The patient described is manifesting heat stroke, more specifically the exertional type in contrast to the so-called classic form. Both share the core pathophysiology of mismatch or imbalance between heat generation and/or absorption by the body vs the ability of the body to physiologically negate this with heat-loss mechanisms. The result in both cases is pathological overheating of the body core to and above the very critical level of 40.5 °C.
Current classification schemes separate heat stroke into classic and exertional subtypes. Classic heat stroke is the type most typically seen in elderly patients with a variety of serious comorbid conditions (and thus who takes many medications, which will be discussed below). The comorbidities and medications, as well as the sometimes difficult social conditions, render these people to have inadequate endogenous/physiological mechanisms as well as exogenous/environmental mechanisms for dissipation of metabolically and environmentally produced body heat. Frequently, during a prolonged heat wave, these cases cluster into “epidemics,” with multiple cases encountered after 3 days or more of such a heat wave.1 Such exogenous heat is the trigger for heat stroke development in these cases. More specifically, such well-defined historical facts will include cardiovascular insufficiency, which impairs cardiovascular adjustments to heat stress; medications such as β-blockers, anticholinergics, and especially monoamine oxidase inhibitors, selective serotonin-reuptake inhibitors, and tricyclic antidepressants; comorbid neurological disability that inhibits movements; and, very critically, social isolation and living conditions such as lack of ventilation, fans, and air conditioners.1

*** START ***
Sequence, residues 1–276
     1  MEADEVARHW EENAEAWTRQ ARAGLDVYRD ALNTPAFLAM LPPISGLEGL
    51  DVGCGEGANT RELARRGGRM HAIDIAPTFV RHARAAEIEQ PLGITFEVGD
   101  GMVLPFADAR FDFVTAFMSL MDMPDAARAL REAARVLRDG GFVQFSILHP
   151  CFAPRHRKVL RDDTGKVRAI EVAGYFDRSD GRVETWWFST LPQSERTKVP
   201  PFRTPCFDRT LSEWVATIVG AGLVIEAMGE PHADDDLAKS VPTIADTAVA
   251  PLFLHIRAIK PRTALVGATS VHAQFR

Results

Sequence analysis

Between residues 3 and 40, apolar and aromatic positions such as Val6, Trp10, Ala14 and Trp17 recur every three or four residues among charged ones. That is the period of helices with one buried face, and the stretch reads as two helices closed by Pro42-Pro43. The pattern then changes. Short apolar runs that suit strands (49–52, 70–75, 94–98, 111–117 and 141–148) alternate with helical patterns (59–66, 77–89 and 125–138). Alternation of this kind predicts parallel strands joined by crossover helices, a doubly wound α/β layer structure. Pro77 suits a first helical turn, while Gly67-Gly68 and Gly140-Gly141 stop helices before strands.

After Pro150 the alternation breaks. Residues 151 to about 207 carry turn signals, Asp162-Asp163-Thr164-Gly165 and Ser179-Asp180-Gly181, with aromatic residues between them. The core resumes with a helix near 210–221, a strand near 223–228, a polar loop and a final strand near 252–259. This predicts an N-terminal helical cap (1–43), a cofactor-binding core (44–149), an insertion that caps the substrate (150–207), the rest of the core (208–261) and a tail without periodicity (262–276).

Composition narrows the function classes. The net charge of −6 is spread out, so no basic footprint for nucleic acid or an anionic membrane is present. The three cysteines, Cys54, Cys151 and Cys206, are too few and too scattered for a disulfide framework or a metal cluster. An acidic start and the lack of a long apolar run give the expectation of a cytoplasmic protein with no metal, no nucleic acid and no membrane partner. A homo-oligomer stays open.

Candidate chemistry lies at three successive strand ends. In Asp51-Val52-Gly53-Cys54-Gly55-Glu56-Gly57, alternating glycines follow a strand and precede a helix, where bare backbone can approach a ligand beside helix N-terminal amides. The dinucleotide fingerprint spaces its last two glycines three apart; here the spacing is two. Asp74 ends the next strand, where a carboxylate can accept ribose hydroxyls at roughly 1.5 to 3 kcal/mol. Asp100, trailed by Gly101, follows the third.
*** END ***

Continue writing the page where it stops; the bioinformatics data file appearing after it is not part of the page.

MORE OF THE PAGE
Conversely, exertional heat stroke does not require exogenous heat to occur, which makes Answer A a correct statement. The heat in these cases is endogenously created by very vigorous and intense physical activity that creates more heat than even a young, fit person with normal physiology can dissipate. These are the cases of military training deaths related to gung-ho drill sergeants and high-school athlete deaths related to overzealous coaches, such as the situation described in the case above. The symptoms and signs appear very acutely—from normal to life-threatening illness in a matter of hours rather than days (as with classic heat stroke). But in exertional heat stroke, the precipitating situation is usually quickly observed such that immediate treatment is the norm, and the mortality rate is less than 5%, compared with the often unobserved patients with classic heat stroke, the mortality rate of whom exceeds 50%,1,2 which makes Answer C the incorrect statement here.